Starbucks’ aggressive growth model may work in North America, but not in Italy. Italia’s coffee culture, and its resistance to Starbucks, suggest a human component amiss  with Starbucks.
On September 13, 2022, Starbucks unveiled its “unparalleled reinvention plan” for growth at its biennial Investor Day event. The strategic focus, per usual, was on reducing production time with new technologies. This, paired with seemingly random projection numbers and opaque language such as “unlocking experiential convenience,” represented yet another step away from Starbucks’ original mission to “improve the human spirit: one person, one cup, and one neighborhood at a time.” Starbucks’ ambition seems to target as many people, as many cups, at a time.
The approach may work in the US and some other parts of the world. Not in Italy, though, where to-go coffee in bazillion sizes and milk options represents an invasion of corporate America. To Italians, coffee is simple espresso, a thimbleful knocked down at a bar while chatting with neighbors and the barista. Coffee is also considered a social right, and is synonymous with enjoying life—it is not a status symbol as Starbucks is in other countries. Caffè sospeso, as an example, demonstrates this egalitarian  approach to coffee, wherein a customer pays one extra coffee for the next stranger who cannot afford it. This tradition is still practiced throughout Italy.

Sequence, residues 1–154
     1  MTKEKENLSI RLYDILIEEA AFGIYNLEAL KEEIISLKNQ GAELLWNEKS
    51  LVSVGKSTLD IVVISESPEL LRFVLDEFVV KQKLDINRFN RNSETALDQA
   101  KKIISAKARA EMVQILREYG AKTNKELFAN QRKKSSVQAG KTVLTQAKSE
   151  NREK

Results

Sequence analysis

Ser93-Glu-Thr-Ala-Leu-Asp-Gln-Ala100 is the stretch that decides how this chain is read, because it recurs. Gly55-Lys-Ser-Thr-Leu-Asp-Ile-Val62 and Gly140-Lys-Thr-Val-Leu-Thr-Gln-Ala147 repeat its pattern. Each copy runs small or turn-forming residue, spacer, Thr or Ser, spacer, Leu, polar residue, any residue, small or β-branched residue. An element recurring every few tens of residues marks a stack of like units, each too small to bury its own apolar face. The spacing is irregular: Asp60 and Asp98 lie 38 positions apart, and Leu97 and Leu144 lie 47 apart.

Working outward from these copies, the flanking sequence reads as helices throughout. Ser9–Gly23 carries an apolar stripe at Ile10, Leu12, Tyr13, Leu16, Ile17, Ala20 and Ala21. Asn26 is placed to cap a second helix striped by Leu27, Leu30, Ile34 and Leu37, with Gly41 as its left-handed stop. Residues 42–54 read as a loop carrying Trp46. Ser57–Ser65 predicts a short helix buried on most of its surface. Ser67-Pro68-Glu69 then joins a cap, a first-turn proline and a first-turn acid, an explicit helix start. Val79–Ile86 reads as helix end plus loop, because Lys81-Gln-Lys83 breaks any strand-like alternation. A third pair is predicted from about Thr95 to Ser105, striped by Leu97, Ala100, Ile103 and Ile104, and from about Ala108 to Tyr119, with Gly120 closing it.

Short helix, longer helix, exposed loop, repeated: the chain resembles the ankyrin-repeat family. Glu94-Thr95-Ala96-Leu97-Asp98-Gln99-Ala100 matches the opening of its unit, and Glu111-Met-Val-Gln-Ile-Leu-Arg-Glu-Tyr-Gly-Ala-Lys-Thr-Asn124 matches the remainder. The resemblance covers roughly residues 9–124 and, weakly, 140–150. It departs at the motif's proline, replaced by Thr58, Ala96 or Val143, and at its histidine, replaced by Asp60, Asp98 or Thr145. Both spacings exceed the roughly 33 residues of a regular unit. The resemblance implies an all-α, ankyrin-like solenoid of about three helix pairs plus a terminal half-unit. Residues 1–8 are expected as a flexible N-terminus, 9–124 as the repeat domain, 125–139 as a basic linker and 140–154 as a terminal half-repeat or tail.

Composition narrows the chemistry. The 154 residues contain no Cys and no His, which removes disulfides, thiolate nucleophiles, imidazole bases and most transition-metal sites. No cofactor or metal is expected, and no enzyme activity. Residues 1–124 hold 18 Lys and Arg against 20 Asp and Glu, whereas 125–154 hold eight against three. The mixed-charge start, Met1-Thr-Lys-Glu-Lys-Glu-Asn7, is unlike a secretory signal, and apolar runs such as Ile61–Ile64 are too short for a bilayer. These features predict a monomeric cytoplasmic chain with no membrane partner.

Starbucks’ slow growth in the Italian market suggests that something is missing from the equation. In 2018, Starbucks opened its first Italian location in Milan’s Piazza Cordusio. The building is a stunning former post office, and the posh  interior features Tuscan marble top counters, a cocktail bar, a nitrogen ice cream station, and a bakery with a wood-fired oven—none of which is seen in an average Starbucks store in North America or Asia. At the time, the company “vowed to open 15 new locations per year,” according to Fortune. Despite the grand opening of the Milan storefront to appease a market with picky culinary preferences, in 2022, there were only 11 Starbucks stores nationally. In 2021, the company’s Italian licensing partner Percassi announced a more modest plan to open 26 new locations by 2023.
Even the adjusted target may be out of reach unless Starbucks gets the human component right, unless it rethinks the approach shown in its recent “unparalleled reinvention plan,” which might be difficult for a fast-food giant that has thrived on paper cups and plastic lids. Laura Giannatempo, a Turin native, told the Traveler back in 2018, “Italians don't need Starbucks. Coffee culture runs deep; il caffé is a ritual with an ingrained set of rules. You'll never see anyone walking around with a paper cup in their hand—you drink your espresso or your cappuccino standing at the bar. Period.” Even if Starbucks manages to deliver better-than-market quality coffee to Italians, which is unlikely, the convenient paper cups may not be appealing enough to replace its coffee culture. At least for now.
When Starbucks, a fast-food behemoth, struggles in Italy, it is worth asking, “How much growth is ever enough?”